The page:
*Asterisk because two out of three of these blurbs are for photo books, with one of them (the first one) having probably less than a thousand words overall. Anyway, all three of these came out over the course of the past few months, and all of them deserve your time, especially as August grinds the skateboard news cycle to a near halt. Shout out to everyone putting cool shit on pieces of paper and sharing it with the rest of the world, whether it’s a ‘zine, a book or whatever the hell else ♥
Love — Paradigm Publishing
Love is less a book of skate photos, and more a visual essay of what skateboarding looks like when it’s forced to become a form of protest.
Jonathan Rentschler’s book tells the story of Love Park’s final years — a period most visibly represented by Brian Panebianco’s Sabotage series — in black and white photographs. Love was the first time I felt genuine anger while looking through a book about skateboarding: anger at the cops raising up skateboards in smiley triumph as the confiscate them, anger at police officers pulling people by the hair after they throw them to the ground, anger at the politicians attending a groundbreaking ceremony for the park’s destruction, who will no doubt spend as little time in its remodeled incarnation as they did when they were leading a stubborn crusade against the thing giving it life. These images are interjected with a portrait of the community that corralled in a place they were told was not for them. This is not limited to the skaters, but also fringes of society who those same faces of civil service often prefer to ignore.
At this current moment in American history, it is hard not to put a political spin on every little thing. Decisions are made based on knee-jerk promises of “law and order,” with little conversation behind what that even entails, and whose lives will be affected by these veiled power grabs. Love — the place and the book — is about public space in its rawest form. It underlies what the struggle to be seen and heard means in the greater American story.
Flipping through the book, I thought about the fate of the original Penn Station, which was a majestic building that architects lobbied for the preservation of in the 1960s, until it was torn down and converted into the hunk of shit you may know today. Though a small group of romantics may not have saved that one building, it did establish future precedent for when New York tried to pull the same stunt on Grand Central a decade later. Skateboarders, DC shoes, Rob Dyrdek, the X-Games, Ed Bacon himself, the millions of dollars funneled into Philadelphia’s economy by skaters, and genuine common sense may not have saved Love Park, but let its tragedy be a lesson next time a city falls face first into something so irreplaceable.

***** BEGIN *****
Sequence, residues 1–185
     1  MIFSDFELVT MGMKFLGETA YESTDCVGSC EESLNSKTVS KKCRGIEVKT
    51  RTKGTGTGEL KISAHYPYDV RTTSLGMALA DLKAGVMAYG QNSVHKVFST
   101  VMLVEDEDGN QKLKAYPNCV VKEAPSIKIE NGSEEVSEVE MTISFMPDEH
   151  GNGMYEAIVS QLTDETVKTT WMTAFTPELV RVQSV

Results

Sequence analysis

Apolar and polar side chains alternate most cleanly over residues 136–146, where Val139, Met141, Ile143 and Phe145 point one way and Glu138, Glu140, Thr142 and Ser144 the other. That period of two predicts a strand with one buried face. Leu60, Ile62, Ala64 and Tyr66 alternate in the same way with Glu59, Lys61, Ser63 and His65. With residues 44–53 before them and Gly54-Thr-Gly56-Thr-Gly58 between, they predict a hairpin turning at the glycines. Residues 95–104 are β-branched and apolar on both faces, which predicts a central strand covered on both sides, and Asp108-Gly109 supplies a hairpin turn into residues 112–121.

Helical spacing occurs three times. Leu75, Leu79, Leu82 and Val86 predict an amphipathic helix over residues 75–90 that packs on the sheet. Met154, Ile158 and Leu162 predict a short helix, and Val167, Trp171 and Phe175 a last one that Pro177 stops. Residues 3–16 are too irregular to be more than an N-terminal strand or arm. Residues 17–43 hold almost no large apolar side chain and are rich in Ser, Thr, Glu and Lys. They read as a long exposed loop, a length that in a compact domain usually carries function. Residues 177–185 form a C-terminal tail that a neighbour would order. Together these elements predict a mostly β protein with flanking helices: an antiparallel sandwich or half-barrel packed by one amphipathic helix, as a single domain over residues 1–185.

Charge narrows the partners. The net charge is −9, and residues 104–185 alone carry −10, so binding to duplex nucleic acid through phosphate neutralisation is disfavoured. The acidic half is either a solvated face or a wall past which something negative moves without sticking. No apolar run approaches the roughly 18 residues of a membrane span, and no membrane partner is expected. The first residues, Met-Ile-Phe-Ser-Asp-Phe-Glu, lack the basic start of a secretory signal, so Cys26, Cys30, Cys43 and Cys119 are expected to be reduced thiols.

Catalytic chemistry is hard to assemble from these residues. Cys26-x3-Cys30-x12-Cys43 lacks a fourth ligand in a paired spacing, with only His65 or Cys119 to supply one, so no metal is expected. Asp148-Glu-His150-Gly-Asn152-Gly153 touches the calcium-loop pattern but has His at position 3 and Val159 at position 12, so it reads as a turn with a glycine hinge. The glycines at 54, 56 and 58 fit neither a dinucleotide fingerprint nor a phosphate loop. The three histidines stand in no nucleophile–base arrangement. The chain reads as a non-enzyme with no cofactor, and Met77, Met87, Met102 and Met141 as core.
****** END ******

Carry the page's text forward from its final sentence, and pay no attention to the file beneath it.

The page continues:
[Buy Love here]
That’s A Crazy One [Self-Published]
Everyone’s version of their own youth is the best youth. The photos and words of High and Mel Stone’s That’s A Crazy One lament the days before New York entered a “coma,” a time when things were less predictable, and the effects of the Giuliani administration had yet to set the city on the course it has been on for two-plus decades. With that being said, contributors to our own book chronicling the adolescence of the extended family behind QS (roughly 10-12 years after the photos in this book were taken) also pined for a time before the city became “childproof.” Yet we didn’t grow up at a time when things were as free as they were for High, Mel and their friends. We grew up with cell phones in a Starbucks-ified world that our elders detest.